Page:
This is considered a critical security issue that could lead to remote code execution on a vulnerable site’s server. If you haven’t already updated, we highly recommend updating to the fully patched version, 4.2.153, immediately.

No clients of ProtectYourWP.com are affected by this vulnerability.

How to Keep Your Stuff Safe While You’re at College (or anywhere, really)

There’s a well written article by iFixIt.com aimed at college students, but really it’s applicable to everyone who ever does anything in public space. Granted, that’s not happening as much with Covid19 precautions, but these suggestions should be part of your regular routine anyway.

Of particular note is the section on USB chargers and thumb drives. Many are not aware of the potential dangers, and some good tips are given on how to protect yourself.

See the article at https://www.ifixit.com/News/43770/how-to-keep-your-stuff-safe-while-youre-at-college

Why do we back up?

A perfect example from my security focused Twitter feed today:

well <explitive> my server colocation facility just burned down

“halon is great for when equipment is on fire, but not as useful when the whole entire west coast is on fire”

This of course is during the raging wildfires on the US west coast.

Frequent offsite backups are also a critical method of fighting Ransomware attacks.

FYI, we keep backup copies of all sites in several locations, using several different backup methods.

Google Chrome Bug Could Let Hackers Bypass CSP Protection; Update Web Browsers

If you haven’t recently updated your Chrome, Opera, or Edge web browser to the latest available version, it would be an excellent idea to do so as quickly as possible.

Cybersecurity researchers on Monday disclosed details about a zero-day flaw in Chromium-based web browsers for Windows, Mac and Android that could have allowed attackers to entirely bypass Content Security Policy (CSP) rules since Chrome 73.

Full article: https://thehackernews.com/2020/08/chrome-csp-bypass.html

Microsoft Defender can ironically be used to download malware

A recent update to Windows 10’s Microsoft Defender antivirus solution ironically allows it to download malware and other files to a Windows computer.

In a recent Microsoft Defender update, the command-line MpCmdRun.exe tool has been updated to include the ability to download files from a remote location, which could be abused by attackers.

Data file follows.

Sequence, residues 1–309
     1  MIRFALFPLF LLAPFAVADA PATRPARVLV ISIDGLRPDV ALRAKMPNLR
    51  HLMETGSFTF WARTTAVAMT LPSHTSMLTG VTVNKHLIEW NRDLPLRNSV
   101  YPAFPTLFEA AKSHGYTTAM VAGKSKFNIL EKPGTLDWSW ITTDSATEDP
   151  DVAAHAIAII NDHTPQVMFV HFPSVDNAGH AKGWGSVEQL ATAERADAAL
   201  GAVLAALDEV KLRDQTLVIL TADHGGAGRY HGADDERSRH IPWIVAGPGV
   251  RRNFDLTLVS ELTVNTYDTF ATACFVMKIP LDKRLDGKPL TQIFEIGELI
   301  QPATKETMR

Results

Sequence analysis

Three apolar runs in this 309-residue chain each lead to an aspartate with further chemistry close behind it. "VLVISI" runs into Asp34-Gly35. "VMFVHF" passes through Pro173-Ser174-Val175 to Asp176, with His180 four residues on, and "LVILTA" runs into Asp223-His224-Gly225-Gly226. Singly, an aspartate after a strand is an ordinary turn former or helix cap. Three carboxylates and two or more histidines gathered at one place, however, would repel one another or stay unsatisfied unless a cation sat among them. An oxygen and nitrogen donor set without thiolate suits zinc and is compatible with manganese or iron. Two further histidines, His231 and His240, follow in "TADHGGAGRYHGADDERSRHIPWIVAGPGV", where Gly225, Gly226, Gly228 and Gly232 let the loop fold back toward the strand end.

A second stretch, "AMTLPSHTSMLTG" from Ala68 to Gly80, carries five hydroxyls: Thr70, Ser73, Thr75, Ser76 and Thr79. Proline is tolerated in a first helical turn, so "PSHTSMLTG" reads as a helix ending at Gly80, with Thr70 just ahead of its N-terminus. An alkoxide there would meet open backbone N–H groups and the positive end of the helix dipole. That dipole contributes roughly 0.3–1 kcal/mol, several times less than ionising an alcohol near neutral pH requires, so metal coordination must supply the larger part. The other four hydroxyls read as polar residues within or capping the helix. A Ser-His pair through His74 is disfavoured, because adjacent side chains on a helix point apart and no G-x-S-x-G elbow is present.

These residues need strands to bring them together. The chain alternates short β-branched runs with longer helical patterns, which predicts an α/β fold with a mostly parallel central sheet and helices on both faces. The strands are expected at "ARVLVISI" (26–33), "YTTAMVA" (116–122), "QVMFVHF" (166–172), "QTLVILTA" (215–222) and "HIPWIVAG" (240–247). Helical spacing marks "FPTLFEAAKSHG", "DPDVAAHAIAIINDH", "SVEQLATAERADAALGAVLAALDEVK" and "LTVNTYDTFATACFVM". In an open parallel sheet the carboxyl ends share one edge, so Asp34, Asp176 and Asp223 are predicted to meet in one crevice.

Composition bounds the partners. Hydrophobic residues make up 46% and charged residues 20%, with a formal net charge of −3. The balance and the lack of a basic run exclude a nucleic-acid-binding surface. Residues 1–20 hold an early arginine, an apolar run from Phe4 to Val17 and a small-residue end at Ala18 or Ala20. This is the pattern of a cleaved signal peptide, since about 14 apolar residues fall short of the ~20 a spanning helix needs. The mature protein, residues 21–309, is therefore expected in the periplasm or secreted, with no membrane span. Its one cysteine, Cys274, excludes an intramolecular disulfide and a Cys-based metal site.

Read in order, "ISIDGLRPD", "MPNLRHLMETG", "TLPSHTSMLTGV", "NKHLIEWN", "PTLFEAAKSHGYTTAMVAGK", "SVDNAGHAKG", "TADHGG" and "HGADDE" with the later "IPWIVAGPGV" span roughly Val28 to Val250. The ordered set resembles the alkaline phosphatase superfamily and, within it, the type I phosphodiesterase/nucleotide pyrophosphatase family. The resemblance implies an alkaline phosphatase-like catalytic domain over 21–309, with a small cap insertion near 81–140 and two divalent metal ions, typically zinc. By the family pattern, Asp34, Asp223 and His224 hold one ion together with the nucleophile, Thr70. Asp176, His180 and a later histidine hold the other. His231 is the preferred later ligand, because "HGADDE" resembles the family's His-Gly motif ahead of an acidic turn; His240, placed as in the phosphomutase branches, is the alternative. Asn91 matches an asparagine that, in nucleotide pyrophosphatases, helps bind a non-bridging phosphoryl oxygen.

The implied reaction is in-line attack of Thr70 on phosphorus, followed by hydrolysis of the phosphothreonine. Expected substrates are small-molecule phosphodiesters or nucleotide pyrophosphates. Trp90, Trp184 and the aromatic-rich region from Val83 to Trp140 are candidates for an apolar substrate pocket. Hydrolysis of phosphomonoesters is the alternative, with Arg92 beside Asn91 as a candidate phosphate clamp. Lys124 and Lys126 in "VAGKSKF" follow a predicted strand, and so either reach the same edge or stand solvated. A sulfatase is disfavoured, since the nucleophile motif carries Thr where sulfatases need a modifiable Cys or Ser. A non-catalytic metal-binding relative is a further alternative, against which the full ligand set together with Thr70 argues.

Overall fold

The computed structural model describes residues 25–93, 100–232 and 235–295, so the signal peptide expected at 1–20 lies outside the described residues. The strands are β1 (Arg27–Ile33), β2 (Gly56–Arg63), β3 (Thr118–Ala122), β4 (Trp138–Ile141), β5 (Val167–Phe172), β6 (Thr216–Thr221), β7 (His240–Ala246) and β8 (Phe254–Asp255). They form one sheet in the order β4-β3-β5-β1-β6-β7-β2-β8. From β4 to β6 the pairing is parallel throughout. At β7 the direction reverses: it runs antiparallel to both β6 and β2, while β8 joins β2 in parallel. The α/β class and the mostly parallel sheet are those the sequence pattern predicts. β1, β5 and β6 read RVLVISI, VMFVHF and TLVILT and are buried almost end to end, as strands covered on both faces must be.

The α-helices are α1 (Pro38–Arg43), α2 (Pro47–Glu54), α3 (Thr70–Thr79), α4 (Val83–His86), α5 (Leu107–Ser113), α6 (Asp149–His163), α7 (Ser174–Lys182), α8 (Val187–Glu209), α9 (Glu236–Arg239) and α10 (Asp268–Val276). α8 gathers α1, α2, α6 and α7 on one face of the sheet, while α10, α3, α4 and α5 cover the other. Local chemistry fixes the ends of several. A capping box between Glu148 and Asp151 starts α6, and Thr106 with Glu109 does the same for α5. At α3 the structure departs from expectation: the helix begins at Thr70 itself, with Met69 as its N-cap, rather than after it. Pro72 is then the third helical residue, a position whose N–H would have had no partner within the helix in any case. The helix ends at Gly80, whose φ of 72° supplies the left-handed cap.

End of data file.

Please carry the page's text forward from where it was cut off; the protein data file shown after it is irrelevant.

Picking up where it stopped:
With this new feature, Microsoft Defender is now part of the long list of Windows programs that can be abused by local attackers.

Full story at https://www.bleepingcomputer.com/news/microsoft/microsoft-defender-can-ironically-be-used-to-download-malware/

TeamViewer fixes bug that lets attackers access your PC

Popular remote access and troubleshooting app, TeamViewer has patched a vulnerability that could let attackers quietly establish a connection to your computer and further exploit the system.

When successfully exploited, this bug would let an unauthenticated, remote actor execute code on your Windows PC, or obtain password hashes (e.g., for cracking via brute-force).

Full article: https://www.bleepingcomputer.com/news/security/teamviewer-fixes-bug-that-lets-attackers-access-your-pc/

Work From Home Alert: Critical Bug Found in Old D-Link Router Models

Researchers find six bugs in consumer D-Link DIR-865L Wireless AC 1750 Dual Band Cloud Router.

D-Link is urging customers to replace its now obsolete line of DIR-865L Wireless Routers in reaction to a recently discovered critical command-injection bug that leaves users open to a denial-of-service attack.

The routers, first introduced in 2013, reached end-of-life support in Feb. 2016. In Aug. 2018, D-Link released a patch (1.20B01 beta) to address multiple security bugs. On Friday, Palo Alto Networks’ Unit 42 researchers publicly disclosed six additional bugs – one rated critical and five rated high severity.

“The vulnerabilities were found in the DIR-865L model of D-Link routers, which are meant for home network use,” researchers wrote. “The current trend towards working from home increases the likelihood of malicious attacks against home networks, which makes it even more imperative to keeping our networking devices updated.”

Full article: https://threatpost.com/work-from-home-alert-critical-d-link-bug/156573/